Brexit: A cloudy future for the government’s vendor relationships



Paul Wooding, Regional Director of Public Sector, Cloudera spoke to Business Leader about the impact Brexit has had on the government’s relationship with vendors across the UK.

Historically the UK Government has been perceived as lagging behind the private sector when it comes to digital adoption, with legacy IT and technical debt holding back modernisation. Yet a recent report revealed the pandemic has led to increased use of digital public services: almost a fifth of UK citizens surveyed now have a more positive view of public service delivery. However, 40% are still not confident in the Government’s ability to deploy emerging technology and feel that whilst improving, things could be done better.

Beyond the pandemic, digital transformation is set to stay on the public sector’s agenda. But as it stands, the government has a rigid data strategy, depending on a handful of cloud vendors to provide mission-critical services for its many departments. At the same time in the aftermath of Brexit, vendor relationships are becoming increasingly uncertain. It is the perfect time for a reassessment of each government department’s data strategy to ensure key digital services don’t lose traction. Proactive changes, implemented now, will set the public sector on the pathway to success in the future.

Dreaming of a digital future

In March, the government held an eForum on the UK’s National Data Strategy, outlining its aim to position the nation as a “global champion of data”. Namely, it seeks to ensure the continuous and secure flow of data across borders. A lofty goal, as the UK is now a third country in the eyes of the EU, meaning that it has fallen out of the bloc’s General Data Protection Regulation (GDPR) zone. As is the protocol for third countries, data adequacy – which would allow for the free flow of personal data from the EU to the UK – is still to be finalised. If the UK does not receive this status, it will have to implement additional safeguards to transfer personal data between the two regions, accompanied by significant costs and delays.

In the face of adequacy rulings, the government must reconsider how it stores and processes personal data to ensure regulatory compliance with the EU’s rules. Otherwise, it risks heavy fines; companies disregarding GDPR face charges of up to €20m or 4% of the company’s worldwide annual revenue.

The question is, what can the government do? By implementing an open-source data strategy alongside hybrid, private and multi-cloud environments, it can achieve transparency in how data is being stored and processed, aiding in compliance. Hence, the public sector can achieve its digital ambitions, while flexibly responding to current and emerging challenges.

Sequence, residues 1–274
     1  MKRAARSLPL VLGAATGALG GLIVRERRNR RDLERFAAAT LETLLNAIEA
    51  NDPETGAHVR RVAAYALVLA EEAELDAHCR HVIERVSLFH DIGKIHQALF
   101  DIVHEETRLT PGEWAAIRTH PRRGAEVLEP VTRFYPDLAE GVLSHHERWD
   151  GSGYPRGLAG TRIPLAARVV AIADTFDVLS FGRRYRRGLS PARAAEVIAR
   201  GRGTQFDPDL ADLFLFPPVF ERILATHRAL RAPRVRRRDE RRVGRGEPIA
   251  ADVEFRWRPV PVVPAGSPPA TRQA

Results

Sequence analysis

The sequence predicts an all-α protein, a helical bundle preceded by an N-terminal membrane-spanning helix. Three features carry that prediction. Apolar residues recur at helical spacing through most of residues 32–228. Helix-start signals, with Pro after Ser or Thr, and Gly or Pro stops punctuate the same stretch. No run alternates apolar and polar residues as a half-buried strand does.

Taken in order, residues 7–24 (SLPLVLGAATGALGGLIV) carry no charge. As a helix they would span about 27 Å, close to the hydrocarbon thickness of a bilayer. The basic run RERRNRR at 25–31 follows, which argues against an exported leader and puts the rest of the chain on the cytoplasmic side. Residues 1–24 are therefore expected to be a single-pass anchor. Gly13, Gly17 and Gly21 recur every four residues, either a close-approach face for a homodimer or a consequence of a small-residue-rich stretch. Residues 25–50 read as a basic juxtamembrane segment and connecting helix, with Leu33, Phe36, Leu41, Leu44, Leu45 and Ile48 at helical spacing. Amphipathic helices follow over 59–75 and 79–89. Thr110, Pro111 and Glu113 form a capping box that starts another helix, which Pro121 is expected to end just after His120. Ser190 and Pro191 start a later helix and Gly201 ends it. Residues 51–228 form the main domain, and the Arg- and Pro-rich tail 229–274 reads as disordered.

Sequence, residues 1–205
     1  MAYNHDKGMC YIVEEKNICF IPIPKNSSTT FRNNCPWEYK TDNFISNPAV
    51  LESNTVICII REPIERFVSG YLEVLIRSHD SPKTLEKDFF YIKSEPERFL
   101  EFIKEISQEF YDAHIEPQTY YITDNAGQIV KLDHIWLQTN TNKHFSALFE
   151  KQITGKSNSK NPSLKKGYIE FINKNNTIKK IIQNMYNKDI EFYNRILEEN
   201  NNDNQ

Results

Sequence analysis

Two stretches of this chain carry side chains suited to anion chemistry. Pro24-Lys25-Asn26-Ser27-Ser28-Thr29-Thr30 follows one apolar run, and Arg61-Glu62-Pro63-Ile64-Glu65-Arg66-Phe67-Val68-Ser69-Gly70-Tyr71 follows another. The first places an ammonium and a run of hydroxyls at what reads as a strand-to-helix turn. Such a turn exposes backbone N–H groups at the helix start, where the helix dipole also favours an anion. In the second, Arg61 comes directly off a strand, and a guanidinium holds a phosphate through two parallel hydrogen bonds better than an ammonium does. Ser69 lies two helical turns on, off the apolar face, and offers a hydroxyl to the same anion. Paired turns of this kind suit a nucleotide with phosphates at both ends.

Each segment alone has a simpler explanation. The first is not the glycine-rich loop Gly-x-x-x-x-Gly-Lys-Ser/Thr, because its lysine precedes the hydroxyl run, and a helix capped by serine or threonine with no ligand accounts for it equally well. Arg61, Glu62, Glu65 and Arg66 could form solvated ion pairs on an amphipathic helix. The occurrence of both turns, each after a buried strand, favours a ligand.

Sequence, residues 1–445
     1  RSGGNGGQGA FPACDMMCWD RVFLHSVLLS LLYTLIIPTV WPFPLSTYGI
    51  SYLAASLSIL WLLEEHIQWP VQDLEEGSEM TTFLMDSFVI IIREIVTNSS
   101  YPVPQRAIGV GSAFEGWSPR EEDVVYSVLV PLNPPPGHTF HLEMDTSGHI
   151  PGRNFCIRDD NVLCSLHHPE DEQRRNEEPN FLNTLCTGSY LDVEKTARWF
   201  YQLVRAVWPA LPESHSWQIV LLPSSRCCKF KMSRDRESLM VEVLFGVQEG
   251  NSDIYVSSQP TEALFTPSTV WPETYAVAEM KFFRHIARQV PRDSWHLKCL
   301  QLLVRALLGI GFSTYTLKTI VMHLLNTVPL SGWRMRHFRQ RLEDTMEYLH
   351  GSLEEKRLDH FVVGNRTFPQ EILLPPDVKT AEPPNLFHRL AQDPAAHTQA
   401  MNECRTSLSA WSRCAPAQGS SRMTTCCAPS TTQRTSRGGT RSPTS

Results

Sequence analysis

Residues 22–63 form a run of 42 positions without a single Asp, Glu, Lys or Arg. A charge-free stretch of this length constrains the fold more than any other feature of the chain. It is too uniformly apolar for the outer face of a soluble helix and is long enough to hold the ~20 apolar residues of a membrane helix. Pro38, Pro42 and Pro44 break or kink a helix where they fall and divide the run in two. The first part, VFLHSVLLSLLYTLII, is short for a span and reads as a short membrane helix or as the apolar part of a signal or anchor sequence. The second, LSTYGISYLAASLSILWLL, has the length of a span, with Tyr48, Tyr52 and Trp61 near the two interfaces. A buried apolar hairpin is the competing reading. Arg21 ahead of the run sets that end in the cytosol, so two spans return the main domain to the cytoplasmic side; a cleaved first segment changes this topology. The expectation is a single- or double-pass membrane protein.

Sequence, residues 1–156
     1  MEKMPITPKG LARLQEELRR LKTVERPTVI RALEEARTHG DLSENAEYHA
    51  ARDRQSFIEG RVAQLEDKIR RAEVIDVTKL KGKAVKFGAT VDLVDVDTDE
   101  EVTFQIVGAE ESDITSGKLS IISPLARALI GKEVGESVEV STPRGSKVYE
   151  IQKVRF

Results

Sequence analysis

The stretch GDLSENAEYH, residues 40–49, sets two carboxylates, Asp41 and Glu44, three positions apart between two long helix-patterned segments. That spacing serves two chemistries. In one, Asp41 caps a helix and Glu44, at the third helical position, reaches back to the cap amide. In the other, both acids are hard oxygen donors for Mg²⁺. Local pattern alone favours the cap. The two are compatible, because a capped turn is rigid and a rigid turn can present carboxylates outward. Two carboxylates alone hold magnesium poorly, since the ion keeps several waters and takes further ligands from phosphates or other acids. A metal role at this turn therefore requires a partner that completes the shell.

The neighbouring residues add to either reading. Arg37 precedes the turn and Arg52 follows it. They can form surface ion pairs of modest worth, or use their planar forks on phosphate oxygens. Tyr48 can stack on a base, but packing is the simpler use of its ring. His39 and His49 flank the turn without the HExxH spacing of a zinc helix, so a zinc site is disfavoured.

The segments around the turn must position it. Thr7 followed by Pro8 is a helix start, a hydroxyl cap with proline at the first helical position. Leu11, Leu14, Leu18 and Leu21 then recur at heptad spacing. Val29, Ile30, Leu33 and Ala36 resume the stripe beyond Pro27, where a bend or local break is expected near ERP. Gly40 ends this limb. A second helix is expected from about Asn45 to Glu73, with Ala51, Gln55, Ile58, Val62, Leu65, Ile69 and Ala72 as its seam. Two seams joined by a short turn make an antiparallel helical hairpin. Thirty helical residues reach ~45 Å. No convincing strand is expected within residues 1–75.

A silver lining for the public sector’s cloud

The government’s reliance on specific vendors needs to change. Instead of building defensive data moats, it should be digging wells from which public sector organisations can draw consistent, clear and trusted information that is central to their strategy, compliance and governance, no matter the vendor.

With hybrid, multi and private cloud environments, departments can have a greater degree of flexibility and agility in where they host and process data and run their workloads. Organisations can choose to run sensitive or complex workloads in traditional data centres whilst public-facing applications may be better suited to a public cloud environment. Crucially, by moving data and workloads between environments, departments can quickly respond to changing needs and legislation. Thus, the public sector has the capacity for modernisation in the future, rather than being locked into contracts with hyperscalers.

Harnessing an open-source data strategy

Using open-source standards as part of a data strategy can enable the government to become vendor-agnostic. A big statement, but a true one. Through years of experience working with both the public and private sector organisations, we know that placing data into proprietary data stores that are owned and operated by third parties is akin to placing money in private bank vaults. Safe, sure – but not easily accessible, or necessarily delivering the best value.

Open source standards enable public sector full data lineage visibility at all times, and gives government data controllers the ability to limit access to data, delete, or even move it should the need arise. This level of control, provided by open source standards/ architectures/ tools within public cloud solutions, makes it possible to achieve the highest levels of compliance with all the data protection principles as well as the other UK GDPR requirements, including meeting ICO guidelines. On the other hand, proprietary software – like that used by the vendors that many of the UK government departments works with – can lead to siloed data. As these programmes are encrypted, the government has limited control over what to do with the application and as a result, with the data.

The road to becoming a global champion of data

For the UK public sector to stay on course for its digital transformation agenda, eliminating vendor lock-in will be critical, especially in the face of Brexit. Otherwise, the government risks breaching GDPR or losing access to vendors’ services, whether that be due to temporary downtime or a permanent dissolution of the relationship.

To build flexibility and agility into the government’s digital services, hybrid, private and multi-cloud environments are key to mitigating dependencies on cloud vendors while gaining transparency in how data is being stored and processed. At the same time, an open-source data strategy will grant the public sector control over the management and processing of data, enabling it to keep up with new and existing data protection regulations.